4/01/2013 9:47:48 AM

The reason is it is impossible to make a profit. We are still paid the same amount for our cattle as we were 30 years ago. In 1980 we could buy a trayback Landcruiser for 12 bullocks, now we need 60 bullocks. We have run out of innovational ideas, we are the most efficient farmers in the world just to make a living. There is a difference between a living and a profit. I certainly would not go into food production in Australia. We would like to sell out but there are no buyers. Nothing will change until we get rid of the market control of the big supermarkets and Australians get hungry.
Gil Hardwick
4/01/2013 10:54:53 AM

The real wonder is that the 'family farm' model has lasted this long. Common sense would have seen it superseded by the late 1970s by large corporate business model positioned to invest and absorb costs through the inevitable bad years. It's not as if the idea is something new. Australian agriculture has been done this way from the early days. It's the restrictive, ideological nature of the nuclear family on their own farm that's been the issue, the problem from year dot being too many kids, not which one will inherit. There will always be farming. Way past time to move on finally.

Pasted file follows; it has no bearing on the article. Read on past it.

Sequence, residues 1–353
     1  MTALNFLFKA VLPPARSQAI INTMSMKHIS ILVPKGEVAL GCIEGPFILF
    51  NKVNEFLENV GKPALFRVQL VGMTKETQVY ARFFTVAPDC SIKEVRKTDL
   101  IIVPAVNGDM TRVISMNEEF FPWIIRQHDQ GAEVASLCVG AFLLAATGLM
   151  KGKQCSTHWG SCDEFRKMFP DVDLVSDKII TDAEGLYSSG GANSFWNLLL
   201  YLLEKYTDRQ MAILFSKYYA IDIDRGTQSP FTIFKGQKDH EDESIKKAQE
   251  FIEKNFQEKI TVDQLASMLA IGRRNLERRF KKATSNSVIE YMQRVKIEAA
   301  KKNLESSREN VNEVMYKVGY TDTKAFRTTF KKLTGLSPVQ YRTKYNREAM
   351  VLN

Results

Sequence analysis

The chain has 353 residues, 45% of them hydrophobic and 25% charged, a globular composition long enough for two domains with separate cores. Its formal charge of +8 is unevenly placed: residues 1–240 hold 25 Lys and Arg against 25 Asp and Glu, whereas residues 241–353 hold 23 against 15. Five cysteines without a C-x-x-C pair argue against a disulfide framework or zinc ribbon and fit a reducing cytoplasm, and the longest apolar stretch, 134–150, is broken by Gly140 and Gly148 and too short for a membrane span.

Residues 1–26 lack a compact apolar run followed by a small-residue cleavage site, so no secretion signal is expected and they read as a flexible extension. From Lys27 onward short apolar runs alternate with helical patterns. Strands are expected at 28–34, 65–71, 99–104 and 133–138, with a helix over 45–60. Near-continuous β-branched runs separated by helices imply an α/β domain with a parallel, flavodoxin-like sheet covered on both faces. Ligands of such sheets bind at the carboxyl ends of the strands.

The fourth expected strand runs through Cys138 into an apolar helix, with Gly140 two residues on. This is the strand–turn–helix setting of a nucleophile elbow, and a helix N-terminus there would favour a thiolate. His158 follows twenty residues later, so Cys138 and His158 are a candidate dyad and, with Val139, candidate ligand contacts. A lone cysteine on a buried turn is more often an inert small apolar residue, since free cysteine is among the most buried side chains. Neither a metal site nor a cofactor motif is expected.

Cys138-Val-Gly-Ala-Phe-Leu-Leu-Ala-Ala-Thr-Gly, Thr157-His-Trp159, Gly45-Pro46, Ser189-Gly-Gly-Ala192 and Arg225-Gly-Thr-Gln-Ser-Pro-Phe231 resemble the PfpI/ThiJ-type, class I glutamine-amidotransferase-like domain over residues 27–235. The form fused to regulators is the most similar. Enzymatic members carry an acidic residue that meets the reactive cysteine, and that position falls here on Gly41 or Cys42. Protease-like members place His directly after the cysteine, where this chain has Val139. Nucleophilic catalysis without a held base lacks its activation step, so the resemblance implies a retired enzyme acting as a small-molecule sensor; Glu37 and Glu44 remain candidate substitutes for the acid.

4/01/2013 11:37:48 AM

Farm prices and returns (through extra taxes and inflated costs) have been reduced by governments for years to keep inflation in check but now the chickens are coming home to roost. After years of low prices and ever increasing costs then a 10-year drought where many farmers were unable to gain any assistance the generation growing up through that despicable situation can be excused for thinking the grass appears much greener off the farm. Any government must decide whether we want the family farm model to continue in Australia then if so make a concerted effort to make sure it happens.
piece maker
4/01/2013 3:24:07 PM

Family farmers are competing for finite land and payment for whatever they can produce in a world market place. There is no value in just whinging about overseas or corporate investors or how unfair it all is. Front your local politicians and farmer bodies to do their job representing the interests of Australia and its farmers. If your representatives are unwilling or incapable then maybe it’s time replacements were discovered.
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Good observation Itz Me. As big as it is this fleece will pale into insignificance if the Paris